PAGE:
What is a storm surge

Storm surge

This drawing from 1683 shows a flooded city. In the middle of the picture the dike is breaking. In the background the ships are fighting the waves. The houses of the city are under water up to the first floor. People sit on the roofs and wait to be rescued by boats.

A storm surge is a particularly high level of flood. It occurs when additional winds sweep inland during normal high tide. As a result, the water rises even more than normal.

When a storm drives the water towards the coast and also enters a sea bay or a river mouth there, it rises higher than normal. If the water rises more than one and a half meters higher than the mean flood, it is called a storm surge. From two and a half meters one speaks of a severe storm surge. If the water is one meter higher, it is called a very heavy storm surge. Light storm surges occur several times a year, severe storm surges only every few years.

Particularly severe storm surges occur when the storm lasts for a long time. If it lasts over several ebb and flow phases, the water can only partially run back at low tide. At the next high tide it rises even higher than at the previous one.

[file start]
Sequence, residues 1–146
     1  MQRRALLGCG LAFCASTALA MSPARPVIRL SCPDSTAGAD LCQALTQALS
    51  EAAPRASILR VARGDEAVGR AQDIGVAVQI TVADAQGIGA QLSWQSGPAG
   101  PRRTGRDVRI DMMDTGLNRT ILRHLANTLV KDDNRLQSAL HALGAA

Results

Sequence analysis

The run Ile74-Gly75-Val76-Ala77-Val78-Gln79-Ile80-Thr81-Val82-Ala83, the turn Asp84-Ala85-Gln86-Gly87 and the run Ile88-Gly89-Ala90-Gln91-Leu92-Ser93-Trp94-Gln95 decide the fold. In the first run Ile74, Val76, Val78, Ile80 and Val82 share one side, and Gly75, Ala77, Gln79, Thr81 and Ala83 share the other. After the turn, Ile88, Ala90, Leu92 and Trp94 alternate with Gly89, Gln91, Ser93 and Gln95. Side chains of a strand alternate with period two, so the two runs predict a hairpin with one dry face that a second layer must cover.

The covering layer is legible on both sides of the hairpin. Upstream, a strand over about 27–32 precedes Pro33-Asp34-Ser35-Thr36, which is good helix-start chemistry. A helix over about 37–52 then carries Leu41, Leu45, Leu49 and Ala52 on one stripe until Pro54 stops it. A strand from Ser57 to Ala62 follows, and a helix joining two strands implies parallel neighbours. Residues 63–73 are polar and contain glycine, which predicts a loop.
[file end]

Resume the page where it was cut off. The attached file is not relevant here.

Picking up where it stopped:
This was the case, for example, with the storm surge in February 1962. It is also known as the “Hamburg flood” because Hamburg suffered particularly great damage and many deaths. At that time, a water level of five meters and seventy centimeters above the mean flood was measured. After this flood, the dikes were raised everywhere, so that later several even higher storm surges caused hardly any damage.

The North Sea coast in its current form was also created by many storm surges. The sea flooded many areas of land. Man reclaimed the land through dykes and protected it. Without dikes, large parts of northern Germany and the Netherlands would be flooded. Because of climate change, scientists expect sea levels to continue to rise. This means that even higher storm surges will arise in the future. The dikes must therefore be raised even further, or the people must give up part of the land.

  • In Scotland, this memorial stands for the 189 fishermen who died in a storm in 1881.

  • This French fishing boat is fighting its way through a storm.

  • This storm surge mark is reminiscent of the "Hamburg flood" in 1962.


There are also other search results for "Storm surge" from Blinde Kuh and Ask Finn.

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